Google’s new chatbot, Bard, is part of a revolutionary wave of artificial intelligence (A.I.) being developed that can rapidly generate anything from an essay on William Shakespeare to rap lyrics in the style of DMX. But Bard and all of its chatbot peers still have at least one serious problem—they sometimes make stuff up.
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The latest evidence of this unwelcome tendency was displayed during CBS’ 60 Minutes on Sunday. The Inflation Wars: A Modern History by Peter Temin “provides a history of inflation in the United States” and discusses the policies that have been used to control it, Bard confidently declared during the report. The problem is the book doesn’t exist.
It’s an interesting lie by Bard—because it could be true. Temin is an accomplished MIT economist who studies inflation and has written over a dozen books on economics, he just never wrote one called The Inflation Wars: A Modern History. Bard “hallucinated” that, as well as names and summaries for a whole list of other economics books in response to a question about inflation.
It’s not the first public error the chatbot has made. When Bard was released in March to counter OpenAI’s rival ChatGPT, it claimed in a public demonstration that the James Webb Space Telescope was the first to capture an image of an exoplanet in 2005, but the aptly named Very Large Telescope had actually accomplished the task a year earlier in Chile.
Chatbots like Bard and ChatGPT use large language models, or LLMs, that leverage billions of data points to predict the next word in a string of text. This method of so-called generative A.I. tends to produce hallucinations in which the models generate text that appears plausible, yet isn’t factual. But with all the work being done on LLMs, are these types of hallucinations still common?
“Yes,” Google CEO Sundar Pichai admitted in his 60 Minutes interview Sunday, saying they’re “expected.” “No one in the field has yet solved the hallucination problems. All models do have this as an issue.”
When asked if the hallucination problem will be solved in the future, Pichai noted “it’s a matter of intense debate,” but said he thinks his team will eventually “make progress.”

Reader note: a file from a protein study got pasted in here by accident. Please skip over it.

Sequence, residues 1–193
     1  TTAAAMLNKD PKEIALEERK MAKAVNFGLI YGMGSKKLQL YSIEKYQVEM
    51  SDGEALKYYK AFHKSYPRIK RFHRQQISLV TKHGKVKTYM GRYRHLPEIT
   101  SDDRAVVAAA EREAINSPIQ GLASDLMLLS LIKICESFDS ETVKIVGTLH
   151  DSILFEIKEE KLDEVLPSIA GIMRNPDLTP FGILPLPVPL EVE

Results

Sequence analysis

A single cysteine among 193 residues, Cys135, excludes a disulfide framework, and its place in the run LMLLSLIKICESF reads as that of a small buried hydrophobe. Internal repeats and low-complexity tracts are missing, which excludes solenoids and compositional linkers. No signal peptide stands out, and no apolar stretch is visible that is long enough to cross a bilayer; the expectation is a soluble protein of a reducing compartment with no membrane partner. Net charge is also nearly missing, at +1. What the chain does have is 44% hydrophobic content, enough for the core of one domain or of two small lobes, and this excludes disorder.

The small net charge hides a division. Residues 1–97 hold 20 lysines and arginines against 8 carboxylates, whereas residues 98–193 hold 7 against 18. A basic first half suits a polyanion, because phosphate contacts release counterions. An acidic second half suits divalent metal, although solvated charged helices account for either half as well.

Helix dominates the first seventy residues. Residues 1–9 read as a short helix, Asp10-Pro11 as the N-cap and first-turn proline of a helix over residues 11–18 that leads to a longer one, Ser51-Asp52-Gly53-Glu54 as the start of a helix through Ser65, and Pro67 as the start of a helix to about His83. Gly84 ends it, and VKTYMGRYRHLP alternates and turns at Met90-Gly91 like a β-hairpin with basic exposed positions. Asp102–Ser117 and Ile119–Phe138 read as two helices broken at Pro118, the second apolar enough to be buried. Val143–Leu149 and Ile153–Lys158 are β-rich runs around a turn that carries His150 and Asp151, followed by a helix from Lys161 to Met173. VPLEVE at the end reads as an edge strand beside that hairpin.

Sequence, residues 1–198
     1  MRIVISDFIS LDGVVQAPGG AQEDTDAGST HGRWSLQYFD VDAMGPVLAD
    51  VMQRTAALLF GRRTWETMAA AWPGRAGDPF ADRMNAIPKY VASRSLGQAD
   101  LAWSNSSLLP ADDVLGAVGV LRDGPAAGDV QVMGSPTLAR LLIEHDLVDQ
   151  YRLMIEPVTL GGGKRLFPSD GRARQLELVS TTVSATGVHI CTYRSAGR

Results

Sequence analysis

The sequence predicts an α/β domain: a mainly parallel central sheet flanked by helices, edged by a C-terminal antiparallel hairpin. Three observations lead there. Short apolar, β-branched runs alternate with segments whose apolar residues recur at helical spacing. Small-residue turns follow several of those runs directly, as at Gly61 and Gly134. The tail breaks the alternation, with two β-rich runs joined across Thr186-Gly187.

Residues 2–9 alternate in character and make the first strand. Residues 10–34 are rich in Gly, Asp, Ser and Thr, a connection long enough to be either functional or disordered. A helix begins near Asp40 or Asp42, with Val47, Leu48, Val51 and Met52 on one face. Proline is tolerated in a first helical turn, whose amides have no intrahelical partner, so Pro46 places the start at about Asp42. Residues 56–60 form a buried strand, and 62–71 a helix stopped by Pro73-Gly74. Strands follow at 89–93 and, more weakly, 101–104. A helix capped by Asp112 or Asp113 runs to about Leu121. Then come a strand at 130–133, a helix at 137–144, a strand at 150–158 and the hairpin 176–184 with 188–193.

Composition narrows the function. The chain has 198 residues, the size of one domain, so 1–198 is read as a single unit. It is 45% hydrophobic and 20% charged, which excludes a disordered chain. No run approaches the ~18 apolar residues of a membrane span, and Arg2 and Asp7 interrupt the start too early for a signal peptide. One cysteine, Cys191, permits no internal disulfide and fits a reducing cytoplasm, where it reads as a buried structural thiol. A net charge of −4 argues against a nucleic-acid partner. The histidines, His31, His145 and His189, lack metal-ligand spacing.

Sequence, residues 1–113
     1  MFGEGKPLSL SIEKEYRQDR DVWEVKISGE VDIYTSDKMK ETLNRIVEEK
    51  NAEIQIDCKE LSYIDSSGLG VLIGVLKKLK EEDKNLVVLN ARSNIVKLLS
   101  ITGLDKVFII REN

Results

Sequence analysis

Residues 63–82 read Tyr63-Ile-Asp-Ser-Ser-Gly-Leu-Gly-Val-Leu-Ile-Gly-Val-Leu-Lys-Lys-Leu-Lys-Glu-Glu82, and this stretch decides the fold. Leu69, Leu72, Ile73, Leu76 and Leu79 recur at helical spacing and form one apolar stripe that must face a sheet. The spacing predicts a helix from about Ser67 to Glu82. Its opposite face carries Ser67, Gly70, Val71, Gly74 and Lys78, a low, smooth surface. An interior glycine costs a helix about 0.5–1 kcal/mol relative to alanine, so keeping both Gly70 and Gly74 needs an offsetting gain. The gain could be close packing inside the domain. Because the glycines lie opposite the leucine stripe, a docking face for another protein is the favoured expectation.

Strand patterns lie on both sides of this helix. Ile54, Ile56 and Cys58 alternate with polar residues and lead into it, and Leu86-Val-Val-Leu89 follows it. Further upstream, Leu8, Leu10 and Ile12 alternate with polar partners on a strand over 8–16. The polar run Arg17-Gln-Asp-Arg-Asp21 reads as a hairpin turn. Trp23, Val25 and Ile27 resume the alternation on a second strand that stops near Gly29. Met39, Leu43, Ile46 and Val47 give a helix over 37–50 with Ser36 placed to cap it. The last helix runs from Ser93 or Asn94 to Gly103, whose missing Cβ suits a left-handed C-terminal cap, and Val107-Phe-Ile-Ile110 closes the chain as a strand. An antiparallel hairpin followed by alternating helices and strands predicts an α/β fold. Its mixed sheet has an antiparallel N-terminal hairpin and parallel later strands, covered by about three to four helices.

That progress may be difficult to come by, as some A.I. experts have noted, due to the complex nature of A.I. systems. Pichai explained that there are still parts of A.I. technology that his engineers “don’t fully understand.”
“There is an aspect of this which we call—all of us in the field—call it a ‘black box,’” he said. “And you can’t quite tell why it said this, or why it got it wrong.”
Pichai said his engineers “have some ideas” about how their chatbot works, and their ability to understand the model is improving. “But that’s where the state of the art is,” he noted. That answer may not be good enough for some critics who warn about potential unintended consequences of complex A.I. systems, however.
Microsoft cofounder Bill Gates, for example, argued in March that the development of A.I. tech could exacerbate wealth inequality globally. “Market forces won’t naturally produce AI products and services that help the poorest,” the billionaire wrote in a blog post. “The opposite is more likely.”
And Elon Musk has been sounding the alarm about the dangers of A.I. for months now, arguing the technology will hit the economy “like an asteroid.” The Tesla and Twitter CEO was part of a group of more than 1,100 CEOs, technologists, and A.I. researchers who called for a six-month pause on developing A.I. tools last month—even though he was busy creating his own rival A.I. startup behind the scenes.
A.I. systems could also exacerbate the flood of misinformation through the creation of deep fakes—hoax images of events or people created by A.I.—and even harm the environment, according to researchers surveyed in an annual report on the technology by Stanford University’s Institute for Human-Centered A.I., who warned the threat amounts to a potential “nuclear-level catastrophe” last week.
On Sunday, Google’s Pichai revealed he shares some of the researchers’ concerns, arguing A.I. “can be very harmful” if deployed improperly. “We don’t have all the answers there yet—and the technology is moving fast. So does that keep me up at night? Absolutely,” he said.
Pichai added that the development of A.I. systems should include “not just engineers, but social scientists, ethicists, philosophers, and so on” to ensure the outcome benefits everyone.
“I think these are all things society needs to figure out as we move along. It’s not for a company to decide,” he said.
This story was originally featured on Fortune.com
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